Last month I travelled from Dublin, Ireland to Berlin for my Zalando onboarding. As a new Delivery Lead at our growing Fashion Insights Centre, I’m primarily responsible for overseeing the technical/engineering aspects of my team’s work. Like all newbies, I was invited to spend some time at HQ learning about the fashion industry, Zalando culture, and platform strategy. I spent two weeks in balmy Germany, luxuriating in temperatures I had only ever seen on my fan oven (have you heard about Irish summers?), and quaffing deeply from Zalando's heady (multi)cultural brew. I returned from Berlin bronzed (well, ridiculously freckled) and full of a nascent optimism which no Dublin summer squall could dampen.
Zalando’s vibrant tech culture—especially the Radical Agility platform of Autonomy, Mastery, and Purpose—was what inspired me to join the team. So many companies discuss, dissect, prod, experiment with—and ultimately ignore—these ideals. For Zalando Tech, they are the foundational pillars of our culture, and they permeate the fabric of our +800-member organization.
The Radical Agility framework is supported by Zalando’s Tech Constitution: a set of rights and responsibilities informed by the motivational trifecta of Autonomy, Mastery and Purpose. By promoting Trust as the glue holding individual technologists, their teams and the company accountable to each other, the Constitution grants us the freedom to choose our own technologies, invest in mastering broad skills, challenge each other, and defend all of these freedoms. It’s an incredibly enlightened approach, and one for which there exists no blueprint, no handy "Dummy's Guide,” no convenient gist.
Bringing Some Radical Agility to Dublin
Upon returning to Dublin, I sat with the members of my team—all of whom are as newbie as I am—and attempted to put Radical Agility into practice. We did this by establishing a technical stack and methodology that would allow us to fulfill our initial delivery goals and also remain true to Radical Agility’s three main principles. Our first step was to establish our Purpose: What are we trying to do? Do we believe in it? How do we get there?
Over three days, the three of us—a data engineer, a software engineer and I —sequestered ourselves in a small room and covered the walls with statically charged white sheets. Onto these sheets—guided and prodded in equal measure by our Product Specialist (a combination data scientist and Agile-influenced product manager)—we projected our collective thoughts, ideas and concepts about our stack, delivery methodology, tactical deliverables, and other key aspects of our work. The overall experience was one of liberation and some confusion, yet we drew many helpful observations as a team:
- Product and technical roadmaps are extremely useful for framing, prioritizing and conceptualising
- Some form of roadmapping or high-level planning is useful at recurring intervals
- Hands-on, tactile, interactive collaboration between product and tech is invaluable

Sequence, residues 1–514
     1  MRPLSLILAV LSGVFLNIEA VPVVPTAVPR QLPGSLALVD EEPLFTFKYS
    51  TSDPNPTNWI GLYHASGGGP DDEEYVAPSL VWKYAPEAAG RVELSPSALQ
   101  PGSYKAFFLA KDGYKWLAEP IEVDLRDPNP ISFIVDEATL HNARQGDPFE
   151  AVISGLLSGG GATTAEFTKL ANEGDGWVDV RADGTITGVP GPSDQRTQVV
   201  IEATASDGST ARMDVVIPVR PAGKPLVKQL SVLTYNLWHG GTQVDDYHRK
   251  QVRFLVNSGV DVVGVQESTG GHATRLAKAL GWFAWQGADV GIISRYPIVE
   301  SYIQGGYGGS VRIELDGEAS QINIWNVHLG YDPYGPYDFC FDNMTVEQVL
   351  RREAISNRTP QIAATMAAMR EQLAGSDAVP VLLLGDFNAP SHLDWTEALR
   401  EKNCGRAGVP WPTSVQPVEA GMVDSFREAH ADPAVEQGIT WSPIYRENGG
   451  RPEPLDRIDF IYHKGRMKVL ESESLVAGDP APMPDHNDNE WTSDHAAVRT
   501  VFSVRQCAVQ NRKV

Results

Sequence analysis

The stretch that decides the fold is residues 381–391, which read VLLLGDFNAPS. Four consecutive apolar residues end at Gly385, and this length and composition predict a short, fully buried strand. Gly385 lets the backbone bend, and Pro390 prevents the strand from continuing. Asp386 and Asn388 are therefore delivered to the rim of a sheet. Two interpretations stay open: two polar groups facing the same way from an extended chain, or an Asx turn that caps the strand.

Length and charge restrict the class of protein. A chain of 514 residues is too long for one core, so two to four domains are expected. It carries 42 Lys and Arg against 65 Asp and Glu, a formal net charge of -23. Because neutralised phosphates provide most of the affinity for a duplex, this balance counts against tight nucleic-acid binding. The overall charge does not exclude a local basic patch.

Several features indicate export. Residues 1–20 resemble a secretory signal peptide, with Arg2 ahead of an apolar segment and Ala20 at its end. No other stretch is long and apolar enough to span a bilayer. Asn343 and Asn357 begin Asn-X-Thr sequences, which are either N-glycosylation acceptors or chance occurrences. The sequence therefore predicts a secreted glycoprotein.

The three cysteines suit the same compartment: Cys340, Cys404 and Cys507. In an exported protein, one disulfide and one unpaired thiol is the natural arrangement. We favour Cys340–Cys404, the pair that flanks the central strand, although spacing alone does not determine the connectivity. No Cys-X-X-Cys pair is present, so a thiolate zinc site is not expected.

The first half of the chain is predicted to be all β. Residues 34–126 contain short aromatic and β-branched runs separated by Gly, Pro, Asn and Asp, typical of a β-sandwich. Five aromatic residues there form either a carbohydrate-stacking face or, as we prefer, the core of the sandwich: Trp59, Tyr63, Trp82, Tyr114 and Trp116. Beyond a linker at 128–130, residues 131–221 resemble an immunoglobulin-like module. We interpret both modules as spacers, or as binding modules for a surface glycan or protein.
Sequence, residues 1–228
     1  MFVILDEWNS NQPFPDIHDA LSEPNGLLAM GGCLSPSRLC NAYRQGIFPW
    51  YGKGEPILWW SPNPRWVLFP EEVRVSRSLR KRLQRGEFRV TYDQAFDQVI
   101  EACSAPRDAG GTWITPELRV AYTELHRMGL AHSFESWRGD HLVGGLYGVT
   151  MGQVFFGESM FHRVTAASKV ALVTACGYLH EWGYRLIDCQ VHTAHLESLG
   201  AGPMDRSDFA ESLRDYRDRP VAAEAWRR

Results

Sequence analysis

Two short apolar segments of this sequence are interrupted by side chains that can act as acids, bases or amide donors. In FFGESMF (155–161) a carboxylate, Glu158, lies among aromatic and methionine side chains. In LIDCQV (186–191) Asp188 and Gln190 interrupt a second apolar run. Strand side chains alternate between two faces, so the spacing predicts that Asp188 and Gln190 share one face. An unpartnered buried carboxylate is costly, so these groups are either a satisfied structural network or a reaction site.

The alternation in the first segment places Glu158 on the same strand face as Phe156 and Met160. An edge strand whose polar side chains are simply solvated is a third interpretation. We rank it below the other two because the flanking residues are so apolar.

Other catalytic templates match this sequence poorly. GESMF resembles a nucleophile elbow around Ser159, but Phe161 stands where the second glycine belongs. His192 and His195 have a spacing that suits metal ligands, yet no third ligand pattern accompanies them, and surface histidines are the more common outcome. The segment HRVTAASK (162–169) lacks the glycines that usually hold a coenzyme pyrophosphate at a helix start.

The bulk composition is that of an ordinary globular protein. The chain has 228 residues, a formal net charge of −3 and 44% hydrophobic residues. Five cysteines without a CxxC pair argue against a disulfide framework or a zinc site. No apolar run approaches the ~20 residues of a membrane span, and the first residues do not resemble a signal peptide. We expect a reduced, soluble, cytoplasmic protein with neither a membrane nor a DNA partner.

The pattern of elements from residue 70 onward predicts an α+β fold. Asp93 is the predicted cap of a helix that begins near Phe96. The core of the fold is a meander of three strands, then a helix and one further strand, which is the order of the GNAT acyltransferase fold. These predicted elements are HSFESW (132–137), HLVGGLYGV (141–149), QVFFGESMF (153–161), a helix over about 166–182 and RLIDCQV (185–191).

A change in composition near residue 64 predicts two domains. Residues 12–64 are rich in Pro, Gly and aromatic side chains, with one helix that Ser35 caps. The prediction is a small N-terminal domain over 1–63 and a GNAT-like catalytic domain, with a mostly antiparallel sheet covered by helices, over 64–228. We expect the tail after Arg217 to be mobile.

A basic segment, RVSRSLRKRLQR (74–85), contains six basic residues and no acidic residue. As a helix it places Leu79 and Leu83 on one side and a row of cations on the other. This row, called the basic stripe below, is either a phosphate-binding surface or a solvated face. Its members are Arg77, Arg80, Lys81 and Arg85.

It took us two days to funnel multiple high-level, nebulous product concepts into more concrete, interrelated artefacts, but in this case the journey was much more important than the destination. We succeeded in establishing a shared context and understanding, and in creating strong bonds of trust in each other’s abilities and insights. None of our activities were prescribed, nor were the sessions actively preplanned. Rather, we created a discrete working space, replete with low-tech tools (whiteboards, stickies, markers, coloured stickers, magnets etc.), which we used (along with innovation games, quadrant analysis, Design Thinking, and other techniques) to establish our purpose (why), our methodology and stack (how), and our high-level plans and goals (when).
All of our decisions were collective and based on shared knowledge. For example, we decided to run ScrumBan based on our prior (and mixed) experiences with Agile. We also decided to eschew tooling for the moment in favour of highly visible Kanban Boards onsite. Most importantly, we decided to be open to change, to experiment with our process (which we all agreed to keep lightweight and fit-for-purpose), and to communicate frequently and effectively. We agreed to use timeboxed Spikes to bookend experimentation, and to size stories/tasks relatively in order to decompose them effectively.
By the end of the week we had established:
- A methodology
- A high-level roadmap
- Our technical stack
- The scope for the quarter
- Potential deliverables (aligned with OKRs)
- Stories to realise deliverables
This may all look familiar, and far from “radical.” However, there are significant and profound differences from industry standards here:
- As a team, we collectively self-organized and articulated a working methodology based on the sum of our prior experiences. We also explicitly agreed to review, tweak, and refine our methodologies / technologies as we progress. This is fundamental to Radical Agility.
- We autonomously decide what is best for us as individuals, but more importantly as a cohesive team and delivery unit. We also decide what is best for Zalando as an enterprise.
We can unilaterally improve this as we see fit or as our mastery—our skills and expertise—improves and matures. We must make these improvements responsibly, particularly where other teams, stakeholders and—most importantly—our customers are concerned.
It is incredibly empowering to operate in an environment like this, but also somewhat intimidating to be suddenly confronted with such freedom. We are taking our first tentative steps into a Radically Agile world and it feels a little bit like the sun peeking out of the clouds in an Irish summer.